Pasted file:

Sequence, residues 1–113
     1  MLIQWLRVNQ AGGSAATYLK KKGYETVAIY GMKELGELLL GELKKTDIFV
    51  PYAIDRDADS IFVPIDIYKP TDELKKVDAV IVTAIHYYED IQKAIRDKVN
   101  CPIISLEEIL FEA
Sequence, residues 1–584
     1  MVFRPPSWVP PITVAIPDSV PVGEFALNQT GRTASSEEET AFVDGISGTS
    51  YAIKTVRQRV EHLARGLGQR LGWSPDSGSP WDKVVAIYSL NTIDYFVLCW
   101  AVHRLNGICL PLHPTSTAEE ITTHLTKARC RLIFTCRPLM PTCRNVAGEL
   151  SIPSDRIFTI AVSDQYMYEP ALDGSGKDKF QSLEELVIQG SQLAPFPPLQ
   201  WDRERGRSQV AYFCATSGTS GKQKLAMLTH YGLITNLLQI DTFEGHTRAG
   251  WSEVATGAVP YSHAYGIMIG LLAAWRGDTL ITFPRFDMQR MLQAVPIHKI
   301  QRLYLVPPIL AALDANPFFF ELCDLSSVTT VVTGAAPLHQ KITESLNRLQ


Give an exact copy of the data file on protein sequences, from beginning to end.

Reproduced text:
Sequence, residues 1–113
     1  MLIQWLRVNQ AGGSAATYLK KKGYETVAIY GMKELGELLL GELKKTDIFV
    51  PYAIDRDADS IFVPIDIYKP TDELKKVDAV IVTAIHYYED IQKAIRDKVN
   101  CPIISLEEIL FEA
Sequence, residues 1–584
     1  MVFRPPSWVP PITVAIPDSV PVGEFALNQT GRTASSEEET AFVDGISGTS
    51  YAIKTVRQRV EHLARGLGQR LGWSPDSGSP WDKVVAIYSL NTIDYFVLCW
   101  AVHRLNGICL PLHPTSTAEE ITTHLTKARC RLIFTCRPLM PTCRNVAGEL
   151  SIPSDRIFTI AVSDQYMYEP ALDGSGKDKF QSLEELVIQG SQLAPFPPLQ
   201  WDRERGRSQV AYFCATSGTS GKQKLAMLTH YGLITNLLQI DTFEGHTRAG
   251  WSEVATGAVP YSHAYGIMIG LLAAWRGDTL ITFPRFDMQR MLQAVPIHKI
   301  QRLYLVPPIL AALDANPFFF ELCDLSSVTT VVTGAAPLHQ KITESLNRLQ